Jun 30, 2021
3 mins read
The science behind the practice co-opted by white women in Lululemon
“You can’t stop the waves, but you can learn to surf”-Swami Satchidanana
This reminder has come in handy when constructing what should be a fairly straightforward article about how yoga can work in your life to improve sleep, something that 1 in 3 adults(at least) in America needed to work on, according to the CDC.
In yoga, we often discuss how “heady” things can get-when sitting down to write this article I could have written a dissertation on everything I’ve learned about yoga, from breathwork to movement to healthy eating and how it may benefit your sleep.
Chances are, if you opened this article, you’re begging me to get on with it. You just want to know how to receive a better night’s sleep, and does yoga actually help with that?
The answer is, of course, yes.
What is Yoga?
Yoga, derived from the Sanskrit root yuj, meaning to yoke, is an ancient set of practices designed to help one achieve liberation from all earthly suffering. As yoga has been brought from it’s origins in India to the West, the health benefits of yoga that it’s practitioners were always aware of have become increasingly mainstream and sought after.
The fourth limb of yoga, or pranayama, is control of the breath. The ability to focus on breathing forces one to be present in the moment, reducing the chances of the mind running off on tangents while you’re trying to get some much needed rest.
There are also many yogic breathing techniques designed to induce a deep state of relaxation, such as belly breathing. Belly breathing, or diaphragmatic breathing is how we reflexively breathe as infants and has been shown to promote increased quality of sleep.
The more one practices yoga and breathwork, even if it’s 5 minutes of belly breathing before bed every night, the more likely one is to naturally incorporate these practices into a healthy sleep routine.
Mindfulness and Deep Relaxation
Mindfulness is an important component of meditation and of many lineages of yogic and Buddhist teachings, asking that we observe our thoughts and feelings without judgement.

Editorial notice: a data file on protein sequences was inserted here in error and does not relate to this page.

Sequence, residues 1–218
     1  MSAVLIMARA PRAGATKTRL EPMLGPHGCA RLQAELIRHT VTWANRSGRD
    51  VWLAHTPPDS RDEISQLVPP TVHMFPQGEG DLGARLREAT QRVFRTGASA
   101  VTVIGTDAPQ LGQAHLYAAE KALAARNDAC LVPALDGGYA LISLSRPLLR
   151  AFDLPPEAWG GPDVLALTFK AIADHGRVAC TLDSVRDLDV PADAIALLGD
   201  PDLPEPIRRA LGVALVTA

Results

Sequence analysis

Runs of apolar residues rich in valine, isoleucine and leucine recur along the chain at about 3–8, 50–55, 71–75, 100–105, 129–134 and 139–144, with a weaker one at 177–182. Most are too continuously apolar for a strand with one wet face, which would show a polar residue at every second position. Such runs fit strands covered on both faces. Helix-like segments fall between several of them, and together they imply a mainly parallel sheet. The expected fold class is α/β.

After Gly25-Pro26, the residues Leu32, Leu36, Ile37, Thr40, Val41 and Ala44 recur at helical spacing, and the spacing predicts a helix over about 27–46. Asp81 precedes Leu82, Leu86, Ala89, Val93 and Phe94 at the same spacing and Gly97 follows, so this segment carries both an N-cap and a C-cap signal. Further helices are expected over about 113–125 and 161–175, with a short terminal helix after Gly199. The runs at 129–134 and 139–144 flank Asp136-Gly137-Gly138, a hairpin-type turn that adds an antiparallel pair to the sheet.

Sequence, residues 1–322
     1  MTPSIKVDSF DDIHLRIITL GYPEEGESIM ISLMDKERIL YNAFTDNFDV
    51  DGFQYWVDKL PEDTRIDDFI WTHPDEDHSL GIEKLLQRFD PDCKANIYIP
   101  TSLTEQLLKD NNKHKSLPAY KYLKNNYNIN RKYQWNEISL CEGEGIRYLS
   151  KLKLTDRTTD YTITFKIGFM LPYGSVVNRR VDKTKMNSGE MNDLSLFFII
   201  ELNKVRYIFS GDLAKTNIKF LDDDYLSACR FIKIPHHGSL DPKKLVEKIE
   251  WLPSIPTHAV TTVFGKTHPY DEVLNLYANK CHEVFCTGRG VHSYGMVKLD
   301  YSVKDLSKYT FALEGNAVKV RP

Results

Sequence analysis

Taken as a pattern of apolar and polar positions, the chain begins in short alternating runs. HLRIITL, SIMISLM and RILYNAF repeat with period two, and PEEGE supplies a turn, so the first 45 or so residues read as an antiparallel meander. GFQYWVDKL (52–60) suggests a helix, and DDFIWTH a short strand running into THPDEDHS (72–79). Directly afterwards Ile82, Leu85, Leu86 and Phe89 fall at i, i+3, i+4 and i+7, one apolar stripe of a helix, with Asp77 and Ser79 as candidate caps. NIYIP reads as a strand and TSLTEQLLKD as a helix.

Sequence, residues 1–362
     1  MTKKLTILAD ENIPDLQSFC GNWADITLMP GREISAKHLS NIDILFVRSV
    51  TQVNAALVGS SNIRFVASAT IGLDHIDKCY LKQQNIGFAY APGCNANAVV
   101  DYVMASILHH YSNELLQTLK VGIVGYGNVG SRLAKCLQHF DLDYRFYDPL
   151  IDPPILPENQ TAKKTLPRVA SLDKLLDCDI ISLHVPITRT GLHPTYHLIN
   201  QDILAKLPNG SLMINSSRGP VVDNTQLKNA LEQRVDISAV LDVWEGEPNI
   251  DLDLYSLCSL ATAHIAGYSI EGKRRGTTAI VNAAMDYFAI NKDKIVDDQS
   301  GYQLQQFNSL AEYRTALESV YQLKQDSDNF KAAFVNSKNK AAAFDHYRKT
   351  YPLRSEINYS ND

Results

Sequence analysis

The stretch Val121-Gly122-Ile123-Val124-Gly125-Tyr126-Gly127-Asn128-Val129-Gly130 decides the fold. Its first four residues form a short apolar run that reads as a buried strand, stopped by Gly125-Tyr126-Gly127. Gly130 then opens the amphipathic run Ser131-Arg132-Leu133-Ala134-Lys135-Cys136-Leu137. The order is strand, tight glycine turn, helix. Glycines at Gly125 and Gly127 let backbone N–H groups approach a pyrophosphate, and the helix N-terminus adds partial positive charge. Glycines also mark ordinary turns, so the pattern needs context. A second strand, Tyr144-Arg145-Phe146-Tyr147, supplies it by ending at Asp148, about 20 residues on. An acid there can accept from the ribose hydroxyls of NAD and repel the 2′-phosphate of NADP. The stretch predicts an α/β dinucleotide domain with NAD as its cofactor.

The practice of doing so has been shown to increase levels of melatonin and decrease the amount of sleep disturbances at night.
Deep relaxation is also promoted by specific types of yoga, such as restorative yoga and yoga nidra.
Restorative yoga, a newer branch of yoga, uses props such as blocks, straps, pillows, couch cushions(lots of cushions) to support the body and hold its’ weight.
The fundamental idea behind restorative yoga is that you are supported. You can experience the benefits of a child’s pose or reclined butterfly/supta baddha konasana) without worrying about stretching this way or extending that way because of how fully supported you are. Poses are held for much longer to experience deeper relaxation.
Yoga nidra is practiced either as a passageway to sleep or as a way to achieve deep relaxation using breath awareness and body scanning. Usually done laying down, the consciousness is rotated around to specific parts of the body as they are named in an attempt to achieve deep relaxation.
Regular Exercise and Lifestyle Improvement
Regular exercise has been consistently linked to better sleep at night. Yoga is exercise, contrary to the way many people view it- whether your teacher has you hold Warrior 2 for 5 minutes on each side 3 times or not, simply moving your body and getting out of your head is enough to stimulate not only better sleep but decrease the severity of insomnia, if you struggle with it.
A frequent exercise routine, such as a frequent yoga practice, also tends to come along with healthier eating and increased water intake. When we feel better, we usually want to treat our bodies better, and that includes sleeping better.
Yoga is thousands of years old and is a weaving of rich lineages and teachings that go far beyond what the west has co-opted it to be. If you’re interested in learning more about the roots of yoga, “Embody Yoga’s Roots” by Susanna Barkataki is an amazing book and I’ve been listening to the “Yoga Is Dead” Podcast Recently, run by two amazing South Asian yogis.
Yoga will help you achieve better sleep, due to:
yoga nidra/restorative rest to achieve deep relaxation